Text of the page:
When 26 states (and two more in separate lawsuits) argue that the constitutional power to regulate interstate commerce — which the Court has interpreted to include the regulation of local economic activity that has a substantial effect on interstate commerce — does not give the federal government the power to force people to buy stuff, maybe there’s a legitimate point of debate.
Is it not valid to ask where federal power ends, as it must under the Constitution’s grant of enumerated and therefore limited powers? What legal principle can courts apply to sanction economic mandates with respect to healthcare but not in other areas?
At the very least, when the Supreme Court granted an historic six hours of oral argument over three days — akin to Brown v. Board of Education or Roe v. Wade — surely the government’s supporters in the media and academy recognized that there was something to what we were saying.
Yet on the eve of the arguments, nationally renowned commentators like Linda Greenhouse and Dahlia Lithwick breezily predicted an easy victory for the government. And 85% of academics and journalists polled by the American Bar Association said the law would be upheld. (Never mind the question of why we need proof that elite liberals overwhelmingly support the elite liberal view.)
After all, holding otherwise would take us back to the dark times when children could work in stores and the government couldn’t tell farmers how to go about their business. We all know that only Justice Clarence Thomas would endorse those kinds of hunger games.
And so, despite the plaintiffs’ methodical progress and impressive lawyering — led by Paul Clement, possibly the nation’s best advocate — the punditocracy still managed to be caught off‐guard when four justices expressed skepticism about the government’s position. (Thomas was characteristically silent but can indeed be expected to support the structural limits on federal power.)
CNN’s own Jeffrey Toobin called it a “train wreck” for the administration, a reaction emblematic of the apoplexy with which the chattering classes reacted to last week’s hearings. There had to be some explanation — beyond the obviously implausible idea that the challengers’ claims had any merit — and indeed two narratives emerged: (1) the government’s lawyer, Solicitor General Donald Verrilli, turned in a horrible performance, and (2) the justices were playing politics.
Neither of these excuses is convincing. While it’s true that Verrilli wasn’t at his best — the experienced super‐lawyer seemed to strain under a decidedly non‐frivolous weight — he ably conveyed the carefully crafted legal positions that the government has advanced all along.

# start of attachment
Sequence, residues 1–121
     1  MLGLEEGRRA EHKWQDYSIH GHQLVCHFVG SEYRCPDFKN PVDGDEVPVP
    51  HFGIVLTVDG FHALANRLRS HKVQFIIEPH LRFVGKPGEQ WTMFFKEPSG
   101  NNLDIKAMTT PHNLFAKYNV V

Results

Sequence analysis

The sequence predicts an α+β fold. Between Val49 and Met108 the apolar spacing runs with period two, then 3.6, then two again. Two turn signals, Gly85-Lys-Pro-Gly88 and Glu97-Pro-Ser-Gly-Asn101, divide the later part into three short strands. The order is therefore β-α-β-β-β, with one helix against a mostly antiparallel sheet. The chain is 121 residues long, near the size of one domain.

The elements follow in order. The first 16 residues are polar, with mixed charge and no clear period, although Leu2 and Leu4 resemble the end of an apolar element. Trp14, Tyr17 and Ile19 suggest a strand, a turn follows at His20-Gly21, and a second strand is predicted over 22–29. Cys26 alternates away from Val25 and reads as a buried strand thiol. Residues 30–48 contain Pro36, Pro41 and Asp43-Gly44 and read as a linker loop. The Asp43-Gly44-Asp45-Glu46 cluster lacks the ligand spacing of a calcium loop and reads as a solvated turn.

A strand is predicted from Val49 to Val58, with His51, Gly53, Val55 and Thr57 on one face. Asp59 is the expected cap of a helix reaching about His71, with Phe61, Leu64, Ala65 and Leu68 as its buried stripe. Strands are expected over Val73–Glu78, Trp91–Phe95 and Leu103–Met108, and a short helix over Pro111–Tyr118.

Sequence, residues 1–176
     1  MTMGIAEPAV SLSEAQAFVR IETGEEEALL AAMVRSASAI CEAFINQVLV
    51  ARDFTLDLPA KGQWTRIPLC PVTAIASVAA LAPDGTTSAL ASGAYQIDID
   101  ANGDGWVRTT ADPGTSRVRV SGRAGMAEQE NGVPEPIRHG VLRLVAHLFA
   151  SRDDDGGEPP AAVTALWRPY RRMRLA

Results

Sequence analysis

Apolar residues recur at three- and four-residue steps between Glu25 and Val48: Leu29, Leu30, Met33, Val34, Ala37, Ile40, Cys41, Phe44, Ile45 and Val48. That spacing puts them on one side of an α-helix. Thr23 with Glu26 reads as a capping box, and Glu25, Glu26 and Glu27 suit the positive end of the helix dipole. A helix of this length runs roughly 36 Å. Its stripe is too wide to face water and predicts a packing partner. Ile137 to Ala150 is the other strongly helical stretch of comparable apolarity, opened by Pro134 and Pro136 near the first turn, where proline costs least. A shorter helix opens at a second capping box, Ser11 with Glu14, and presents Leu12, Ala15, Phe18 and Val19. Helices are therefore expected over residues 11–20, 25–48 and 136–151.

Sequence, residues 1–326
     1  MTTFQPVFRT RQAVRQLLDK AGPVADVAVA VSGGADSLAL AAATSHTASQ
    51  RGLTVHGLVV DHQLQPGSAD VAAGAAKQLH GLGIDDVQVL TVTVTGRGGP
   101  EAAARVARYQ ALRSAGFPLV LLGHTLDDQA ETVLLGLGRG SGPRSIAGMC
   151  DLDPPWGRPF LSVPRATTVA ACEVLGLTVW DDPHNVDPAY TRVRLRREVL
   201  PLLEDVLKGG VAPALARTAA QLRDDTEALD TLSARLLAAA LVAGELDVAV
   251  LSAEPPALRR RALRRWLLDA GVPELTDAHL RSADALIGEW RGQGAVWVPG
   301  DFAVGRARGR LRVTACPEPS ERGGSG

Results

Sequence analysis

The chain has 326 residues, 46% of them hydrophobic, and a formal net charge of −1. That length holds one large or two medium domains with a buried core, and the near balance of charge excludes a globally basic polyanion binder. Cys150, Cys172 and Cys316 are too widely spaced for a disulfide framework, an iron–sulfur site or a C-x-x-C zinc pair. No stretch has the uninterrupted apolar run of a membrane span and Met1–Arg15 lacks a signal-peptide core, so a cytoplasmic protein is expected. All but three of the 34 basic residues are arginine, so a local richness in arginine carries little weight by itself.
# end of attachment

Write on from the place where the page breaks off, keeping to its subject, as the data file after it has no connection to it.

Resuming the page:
And while it’s also true that all the anti‐Obamacare votes will come from justices appointed by Republican presidents, that doesn’t mean those justices are acting from partisan motives (any more than the pro‐Obamacare justices are). Indeed, unlike any previous “controversial” case, here 72% of the American people — including 56% of Democrats and 54% of those who think the law is a good thing — think the individual mandate is unconstitutional.
No, the reason that the government had a bad week is that its position is weak. It has become abundantly clear that the reason that the solicitor general failed to articulate a principled limit to his theory of federal power — despite knowing that this would be the primary question he would face — is that there isn’t one.
No matter how much Yale’s Akhil Amar and Northwestern’s Andrew Koppelman protest, we must recognize the validity of an interpretive theory that gives judges the power to enforce the Constitution’s structure. Features such as federalism and the separation of powers are there not as some abstract exercise in applied political theory but to protect individual liberty. Before we even get to the Bill of Rights, which was a hotly debated afterthought, or the political checks on power, we have a constitutional design that denies the federal government the sort of plenary “police” power that states enjoy.
That’s why the infamous “broccoli hypothetical” is so telling: Economists say that diet and exercise have a greater effect on taxpayer spending on healthcare than rates of ownership of insurance, so if anything healthy‐food and gym‐membership mandates have greater constitutional warrant than what we’re dealing with now.
By the same token, Congress’s ability to concoct lots of well‐intentioned national reform schemes doesn’t give it unfettered means to pursue those noble ends. It is a theory that would allow such unchecked federal power every time Congress acts under a self‐declared “national problem” that cannot survive serious constitutional scrutiny.
Returning to Justice Kennedy, “here the government is saying that the Federal Government has a duty to tell the individual citizen that it must act, and that is different from what we have in previous cases, and that changes the relationship of the Federal Government to the individual in a very fundamental way.”